Capturing The Essence Of Freedom

By Sudeepta Vyas May 19, 2024

Swadheen, a retrospective exhibition held at Kamalnayan Bajaj Art Gallery, Mumbai, celebrated the life and times of Jankidevi Bajaj, a proponent of Gandhian values and staunch supporter of Khadi.

As the curtain rose on January 7, 2024 at Mumbai’s Kamalnayan Bajaj Art Gallery, it unfolded a dream spanning over 30 years. Kiran Bajaj, inspired by the legacy of Jankidevi Bajaj, brought forth a unique Khadi exhibition, not merely as a platform for weavers’ designs but as a reintroduction to the ‘Fabric of Freedom’.

Swadheen was inaugurated by Dr Pheroza Godrej, art historian, environmentalist and writer along with Kiran Bajaj. It brought together the historical, social and economic contexts in which the Fabric of Freedom has developed and continues to exist.

The three-day event included textile art installations, guided walkthroughs, a tribute to Jankidevi Bajaj, panel discussions and lecture sessions,

and a curated exhibition-cum-sale by entrepreneurs and artisan-led initiatives showcasing wearables and lifestyle products. The eminent speakers were Sushma Veerappa- Udaanta Trust; Venkata Krishna-Discovering Roots; Dr Suman Koulagi; Ravikiran-Metaphor Racha and Paresh Patel-Royal Brocades. The exhibition participants were Metaphor Racha, Tula Organic, Magan Khadi, Kullvi Whims, Amoda, Discovering Roots, Bunkar Bihar, The Charkha, Manas by Manas Ghorai, Little Bee Charitable Trust and Rajiben Vankar.

The genesis of Swadheen traces back to the 1970s when Kiran Bajaj, a young bride, met her grandmother-in-law Jankidevi Bajaj, a freedom fighter and social reformer. Over her interactions and time spent in Wardha, she learned more about Jankidevi, a rich Marwari woman who gave up her luxuries in a matter of seconds. She was influenced by her husband Jamnalal Bajaj and Mahatma Gandhi and embraced their stringent lifestyle. For Jankidevi, this was an act of resolute acceptance and understanding of the Swadeshi movement.

In 1921, at the age of 28, Jankidevi burnt all her rich silks as an act of rebellion against the British. She spun her own Khadi and adopted it as her lifelong attire. She clad everyone in Khadi including the temple deities! Through day and night, she worked on the charkha and went from house to house teaching suikatai to hundreds of people. This sense of purpose and sacrifice combined with her profound influence ignited Kiran Bajaj’s vision to present Jankidevi’s persona to the people of India.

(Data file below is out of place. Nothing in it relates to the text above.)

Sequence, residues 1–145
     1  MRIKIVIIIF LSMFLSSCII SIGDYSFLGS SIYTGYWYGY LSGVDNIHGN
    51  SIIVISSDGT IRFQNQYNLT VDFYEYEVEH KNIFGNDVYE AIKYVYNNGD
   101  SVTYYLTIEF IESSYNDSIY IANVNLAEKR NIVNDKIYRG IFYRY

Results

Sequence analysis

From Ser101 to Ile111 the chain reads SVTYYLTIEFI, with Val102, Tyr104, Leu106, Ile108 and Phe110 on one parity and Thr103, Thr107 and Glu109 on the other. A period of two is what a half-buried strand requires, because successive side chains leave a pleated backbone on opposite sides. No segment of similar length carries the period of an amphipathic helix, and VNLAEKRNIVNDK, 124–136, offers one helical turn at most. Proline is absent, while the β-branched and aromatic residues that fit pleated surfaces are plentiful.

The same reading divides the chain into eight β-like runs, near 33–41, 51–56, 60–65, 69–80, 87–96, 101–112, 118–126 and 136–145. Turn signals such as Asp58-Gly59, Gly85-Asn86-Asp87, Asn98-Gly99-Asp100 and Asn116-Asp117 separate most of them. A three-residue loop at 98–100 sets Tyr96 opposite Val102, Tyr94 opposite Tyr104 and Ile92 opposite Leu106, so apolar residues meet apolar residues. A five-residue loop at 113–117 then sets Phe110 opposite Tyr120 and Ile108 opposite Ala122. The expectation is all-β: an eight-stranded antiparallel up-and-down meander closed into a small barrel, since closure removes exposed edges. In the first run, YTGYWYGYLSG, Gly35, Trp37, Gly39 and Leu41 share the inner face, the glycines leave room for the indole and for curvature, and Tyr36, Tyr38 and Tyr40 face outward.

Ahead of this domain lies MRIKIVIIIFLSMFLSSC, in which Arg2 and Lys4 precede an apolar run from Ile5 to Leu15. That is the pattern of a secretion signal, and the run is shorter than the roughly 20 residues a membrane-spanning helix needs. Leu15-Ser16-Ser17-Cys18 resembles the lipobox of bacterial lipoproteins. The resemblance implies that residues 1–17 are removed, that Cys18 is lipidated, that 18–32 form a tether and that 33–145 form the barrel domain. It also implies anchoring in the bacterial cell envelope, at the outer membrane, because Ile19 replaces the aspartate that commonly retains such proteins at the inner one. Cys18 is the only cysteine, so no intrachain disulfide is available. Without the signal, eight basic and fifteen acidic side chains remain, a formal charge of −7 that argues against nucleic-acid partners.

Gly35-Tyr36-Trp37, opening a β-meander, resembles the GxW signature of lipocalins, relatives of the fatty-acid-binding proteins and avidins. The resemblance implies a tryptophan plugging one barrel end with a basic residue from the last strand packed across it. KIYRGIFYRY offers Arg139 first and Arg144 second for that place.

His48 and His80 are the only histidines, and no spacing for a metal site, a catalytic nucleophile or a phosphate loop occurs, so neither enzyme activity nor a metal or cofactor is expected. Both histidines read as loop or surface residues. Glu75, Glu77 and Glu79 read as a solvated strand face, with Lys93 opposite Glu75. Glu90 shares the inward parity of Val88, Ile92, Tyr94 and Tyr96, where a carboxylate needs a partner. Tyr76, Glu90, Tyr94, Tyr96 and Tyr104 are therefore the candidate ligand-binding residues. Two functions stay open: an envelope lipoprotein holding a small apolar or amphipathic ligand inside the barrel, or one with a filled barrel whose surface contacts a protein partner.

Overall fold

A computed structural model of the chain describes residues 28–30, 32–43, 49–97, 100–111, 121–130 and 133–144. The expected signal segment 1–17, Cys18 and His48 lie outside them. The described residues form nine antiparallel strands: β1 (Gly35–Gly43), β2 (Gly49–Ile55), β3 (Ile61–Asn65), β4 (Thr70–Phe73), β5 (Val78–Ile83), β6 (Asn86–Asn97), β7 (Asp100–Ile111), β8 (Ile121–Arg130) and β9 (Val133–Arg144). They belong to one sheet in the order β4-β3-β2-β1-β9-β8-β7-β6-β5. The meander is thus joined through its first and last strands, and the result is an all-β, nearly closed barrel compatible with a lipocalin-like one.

The opportunity presented itself many years later. As President IMC Ladies Wing, 1992-93, Kiran Bajaj dedicated her tenure to the theme ‘Discover the Entrepreneur in You’. In 1993, at the birth centenary of Padma Vibhushan Jankidevi Bajaj, she instituted the Ladies Wing Jankidevi Bajaj Puraskar for the Rural Woman Entrepreneur. This set the stage for an event that would emerge 30 years later as Swadheen.

The exhibition led by Kiran Bajaj and curated by Savitha Suri is not just a showcase but homage to Jankidevi’s life and sacrifices for freedom. In collaboration with the IMC Ladies’ Wing and the team at Bajaj Electricals, Kiran Bajaj’s dream is now a reality, patiently waiting in the wings to explore new avenues.

Why Khadi?

Kiran Bajaj believes Khadi is not just a fabric. It pays tribute to all those who fought for our freedom, and epitomises our love for our nation. Beyond its cultural significance, Khadi serves as a source of employment and opportunities, impacting millions of lives including unemployed individuals, young mothers and widows, defining a dignified way of living. Bajaj believes instilling a sense of pride, particularly among the younger generation, in something woven on Indian soil is necessary. Each rupee spent on this fabric contributes to feeding a hungry soul and plays a role in social progress. The possibilities are vast—extending from clothes, textile furnishings, bags, and towels to various accessories. Bajaj envisions a collective impact and believes that if everyone invested in a single rumaal, it could significantly contribute to India’s economy.

Above all, she sees Khadi as a unifying force, connecting the diverse people of India. It is not just a fabric; it should also stand as the pride and glory of the nation, embodying its rich heritage and limitless potential.